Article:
Milwaukee's New East Library Honors Its Past, While Folding in Sustainability

Nov 22, 2014

After sixteen months of construction and many more of planning, Milwaukee Public Library's new East Branch opens its doors to the public.

The branch occupies the street level of a new five-story complex. It features 99 apartments that rise above and behind the library's walls.

Spokesperson Brooke VandeBerg says the new 16,000 square feet space  is Milwaukee Public Library’s second experiment in mixed-use construction. Villard Square Library was the first. It opened in 2011 and features 47 grand-family apartments above it - where the grandparent serves as the primary primary caregiver.

Rachel Collins manages the Villard Square branch, and is guiding the new East Library through this exciting time. Books are arriving, the staff is growing and the place is generally coming to life.

East’s book collection is smaller now. That’s just the nature of the way patrons use libraries today. There are fewer stacks and fewer shelves here.

Billy Borkenhagen with HGA Architects and library manager Rachel Collins.
Credit S Bence

It fell to architect Billy Borkenhagen and his colleagues to make the library as efficient and welcoming as possible.

He points to the library’s community room as the focal point. “Oftentimes rooms like that are tucked away at the back of the library," Borkenhagen says. "So by bringing to the front of the library, it’s kind of a gesture that suggests that it’s a very welcoming room.”

Manager Rachel Collins touts the cozy natural gas fireplace and other new gismos, such as the dual Induction sorter, “where you can return materials from the inside and then receive a receipt.”

Billy Borkenhagen says toilets have dual-flush and every light bulb is LED. "This building has automatic shades that can be programmed to react to the lighting conditions outside," he says.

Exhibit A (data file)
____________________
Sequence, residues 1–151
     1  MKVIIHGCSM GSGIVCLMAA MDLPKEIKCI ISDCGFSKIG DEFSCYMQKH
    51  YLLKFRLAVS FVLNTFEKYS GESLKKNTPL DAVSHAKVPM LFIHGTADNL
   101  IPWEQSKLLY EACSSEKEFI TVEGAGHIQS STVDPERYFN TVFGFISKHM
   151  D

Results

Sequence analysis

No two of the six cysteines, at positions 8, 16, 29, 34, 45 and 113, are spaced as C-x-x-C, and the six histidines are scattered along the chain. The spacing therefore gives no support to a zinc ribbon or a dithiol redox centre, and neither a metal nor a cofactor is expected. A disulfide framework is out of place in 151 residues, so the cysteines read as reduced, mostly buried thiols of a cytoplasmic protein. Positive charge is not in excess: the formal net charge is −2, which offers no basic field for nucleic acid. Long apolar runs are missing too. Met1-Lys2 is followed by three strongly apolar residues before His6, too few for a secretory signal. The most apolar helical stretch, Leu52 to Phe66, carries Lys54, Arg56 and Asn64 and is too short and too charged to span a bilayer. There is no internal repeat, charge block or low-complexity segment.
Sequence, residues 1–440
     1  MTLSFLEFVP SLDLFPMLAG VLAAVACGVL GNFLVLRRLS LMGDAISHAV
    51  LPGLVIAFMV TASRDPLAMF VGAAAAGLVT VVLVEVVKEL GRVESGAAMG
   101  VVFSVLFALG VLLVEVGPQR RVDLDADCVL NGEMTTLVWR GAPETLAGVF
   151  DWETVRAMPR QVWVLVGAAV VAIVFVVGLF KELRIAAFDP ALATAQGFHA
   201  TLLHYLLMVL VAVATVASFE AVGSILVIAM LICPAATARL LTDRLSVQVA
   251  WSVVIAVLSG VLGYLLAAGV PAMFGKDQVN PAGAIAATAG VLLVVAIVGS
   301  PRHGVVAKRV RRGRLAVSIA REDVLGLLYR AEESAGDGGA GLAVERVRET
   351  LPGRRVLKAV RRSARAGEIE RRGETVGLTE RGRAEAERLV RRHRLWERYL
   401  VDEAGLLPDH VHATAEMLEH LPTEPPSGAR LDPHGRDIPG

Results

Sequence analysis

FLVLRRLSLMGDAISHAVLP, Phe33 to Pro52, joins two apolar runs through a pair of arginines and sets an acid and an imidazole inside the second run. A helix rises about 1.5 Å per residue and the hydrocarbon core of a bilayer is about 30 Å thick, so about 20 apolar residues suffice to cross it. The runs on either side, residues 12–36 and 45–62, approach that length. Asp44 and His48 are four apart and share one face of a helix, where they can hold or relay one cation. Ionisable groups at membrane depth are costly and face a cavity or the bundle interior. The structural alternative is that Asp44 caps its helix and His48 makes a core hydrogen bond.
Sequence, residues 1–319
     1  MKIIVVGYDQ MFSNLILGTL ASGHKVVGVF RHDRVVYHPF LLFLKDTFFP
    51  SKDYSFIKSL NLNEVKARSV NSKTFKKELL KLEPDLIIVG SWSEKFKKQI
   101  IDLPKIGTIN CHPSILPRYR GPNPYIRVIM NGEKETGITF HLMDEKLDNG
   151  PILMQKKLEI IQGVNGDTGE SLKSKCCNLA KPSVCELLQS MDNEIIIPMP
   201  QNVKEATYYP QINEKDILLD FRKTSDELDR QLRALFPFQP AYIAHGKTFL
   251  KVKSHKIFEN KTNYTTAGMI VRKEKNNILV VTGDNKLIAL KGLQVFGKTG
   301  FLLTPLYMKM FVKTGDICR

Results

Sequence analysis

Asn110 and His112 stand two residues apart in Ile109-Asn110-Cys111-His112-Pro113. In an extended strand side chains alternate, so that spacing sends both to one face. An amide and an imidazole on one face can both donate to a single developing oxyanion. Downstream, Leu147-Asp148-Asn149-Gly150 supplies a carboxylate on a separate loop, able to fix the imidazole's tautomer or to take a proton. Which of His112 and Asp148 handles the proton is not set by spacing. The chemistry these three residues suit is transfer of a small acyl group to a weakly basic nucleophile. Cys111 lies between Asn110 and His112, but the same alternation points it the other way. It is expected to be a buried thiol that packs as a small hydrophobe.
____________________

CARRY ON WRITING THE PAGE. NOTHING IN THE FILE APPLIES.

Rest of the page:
Here and there you spot white wall space. It’s painted glass, upon which manager Rachel Collins says library visitors are allowed – even encouraged– to scribble. “The whole area in our teen area – which we never had before – we have this marker wall that’s also magnetic and will give people the option to do some drawing and create some expression,” she says.

Beyond the patron-friendliness and energy-saving, Billy Borkenhagen says as much as possible, the bones of the old library have been incorporated into the new one.

The original East Branch opened south of here in 1909 – a single room offered by a generous Congregational Church. Its new address is the branch’s fifth incarnation and sits on the footprint of its predecessor – a stand-alone, single story brick structure - that opened in 1968.

Borkenhagen says its wood planks were incorporated into the new library’s ceiling. A a ribbon of richly-hued stained glass wraps artfully around a corner where ceiling meets wall. It too was salvaged from the previous library.

One of three artists commissioned to create public art of East Library - kathryn e. martin created Topos.
Credit S Bence

Craftsmen fashioned benches and long communal computer tables from former structural beams.

Public art is central to the new library. Kathryn E. Martin is one of the three selected artists.

She sits on a beautiful slab of salvaged oak – fused to a pillar. It’s part of her piece, titled Topos, that rises from the floor to the top of the 16 foot ceiling. In a puzzle-lie way, it depicts a map of Milwaukee’s east side.

“So as we look at it the ceiling is Capitol Drive and the floor is the Milwaukee River in the Third Ward. And then left to right is the Milwaukee River to Lake Michigan, complete with manmade structures at the waterfront,” she says.

Martin’s raw material was harvested from a honey locust and elm that used to stand here. Nearly a year ago, Martin and her young daughter watched a crew fell the trees.

Martin's then two-year-old daughter hangs out with City of Milwaukee forestry team.
Credit kathryn e martin

She drew from others expertise of others to perfect her map. “ I’m an instructor at UW-Milwaukee and through the Golda Meir Library, they have a wonderful connection with the American Geographic Society," Martin says. So I worked with their graduate students and researchers to find the maps, to make the maps and then get it over to my fabricator to get it cut."

She is both artist and mother to a three year old. Martin says that added to the urgency that her contribution to the library stems from this very spot.

“Look, [my daughter] won’t care that I’m the artist of this, but years down the line, she will and it’ll be here forever," Martin says. "And the green aspect of it is important, because I want her to be here forever, and this is what’s important.”